Show download pdf controls
  • Trends and latest findings

    Table 2 shows the petroleum resource rent tax (PRRT) paid and PRRT gap estimates for the period 2013–14 to 2016–17.

    Table 2: PRRT gap for 2013–14 to 2016–17

    Financial year

    PRRT paid
    ($m)

    Tax gap
    estimate ($m)

    Tax gap
    (%)

    2013–14

    1,827

    60

    3.2

    2014–15

    1,244

    39

    3.1

    2015–16

    944

    20

    2.1

    2016–17

    1,008

    22

    2.1

    Notes:Amounts and percentages may not reconcile due to rounding.The variation in the PRRT paid compared to Taxation Statistics and the Report of Entity Tax Information is due to data being extracted at different points in time.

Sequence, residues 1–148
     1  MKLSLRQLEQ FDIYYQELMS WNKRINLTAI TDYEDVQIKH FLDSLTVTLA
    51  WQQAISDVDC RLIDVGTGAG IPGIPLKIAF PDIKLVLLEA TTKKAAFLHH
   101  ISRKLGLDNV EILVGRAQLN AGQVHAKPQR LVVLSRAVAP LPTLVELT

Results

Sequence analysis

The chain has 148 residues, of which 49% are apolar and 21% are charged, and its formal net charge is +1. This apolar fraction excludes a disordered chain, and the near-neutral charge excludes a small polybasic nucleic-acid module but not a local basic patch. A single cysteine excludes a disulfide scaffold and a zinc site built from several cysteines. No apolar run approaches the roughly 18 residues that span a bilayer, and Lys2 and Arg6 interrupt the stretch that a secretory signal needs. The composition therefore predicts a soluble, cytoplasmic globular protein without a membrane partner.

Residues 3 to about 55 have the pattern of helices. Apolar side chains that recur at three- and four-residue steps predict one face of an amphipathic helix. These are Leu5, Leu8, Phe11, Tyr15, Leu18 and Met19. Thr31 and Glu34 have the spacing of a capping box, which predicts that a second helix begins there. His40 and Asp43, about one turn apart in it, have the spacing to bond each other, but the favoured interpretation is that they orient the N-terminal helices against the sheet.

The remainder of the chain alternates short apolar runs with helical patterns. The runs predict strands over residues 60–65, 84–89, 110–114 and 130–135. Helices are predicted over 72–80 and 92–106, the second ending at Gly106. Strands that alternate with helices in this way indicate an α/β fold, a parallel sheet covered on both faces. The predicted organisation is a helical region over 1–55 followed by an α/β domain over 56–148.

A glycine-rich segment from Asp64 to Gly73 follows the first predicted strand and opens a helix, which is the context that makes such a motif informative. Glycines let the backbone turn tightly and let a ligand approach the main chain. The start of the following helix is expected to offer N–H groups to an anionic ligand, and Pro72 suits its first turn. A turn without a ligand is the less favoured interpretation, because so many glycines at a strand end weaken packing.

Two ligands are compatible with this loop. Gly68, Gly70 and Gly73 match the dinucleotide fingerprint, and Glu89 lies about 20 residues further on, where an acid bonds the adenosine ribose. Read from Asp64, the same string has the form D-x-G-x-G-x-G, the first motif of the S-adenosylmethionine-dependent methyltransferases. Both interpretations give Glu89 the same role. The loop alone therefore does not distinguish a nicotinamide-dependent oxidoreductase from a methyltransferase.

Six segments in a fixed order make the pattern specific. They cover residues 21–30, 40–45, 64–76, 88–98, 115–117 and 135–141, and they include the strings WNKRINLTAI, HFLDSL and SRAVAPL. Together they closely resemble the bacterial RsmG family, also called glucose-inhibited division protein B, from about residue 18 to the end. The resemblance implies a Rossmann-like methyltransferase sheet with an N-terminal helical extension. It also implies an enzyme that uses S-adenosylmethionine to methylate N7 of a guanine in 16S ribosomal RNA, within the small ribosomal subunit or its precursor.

The decline in PRRT reported from 2013–14 to 2015–16, and the subsequent increase in 2016–17, is consistent with the trend of oil prices over the same period.

    Figure 1: Average oil prices for crude oil for the period 2013–14 to 2016–17, by quarter

    Figure 1. This graph shows the average price for oil over the period 2013–14 to 2016–17 by each quarter year. The average price trends from approximately $110 per barrel in the September 2013 quarter, to approximately $50 per barrel in the June 2017 quarter.

    Figure 2: Trend in PRRT paid and the tax gap for 2013–14 to 2016–17

    Figure 2. This graph shows the amount of PRRT paid and the net gap stated in Table 2 for the years 2013–14 to 2016–17.

    The Australian PRRT gap is comparable to Her Majesty's Revenue and Customs (HMRC, United Kingdom) petroleum revenue tax gap estimate of 1% to 3% in 2014.

    Return to:

      Last modified: 17 Oct 2019QC 57597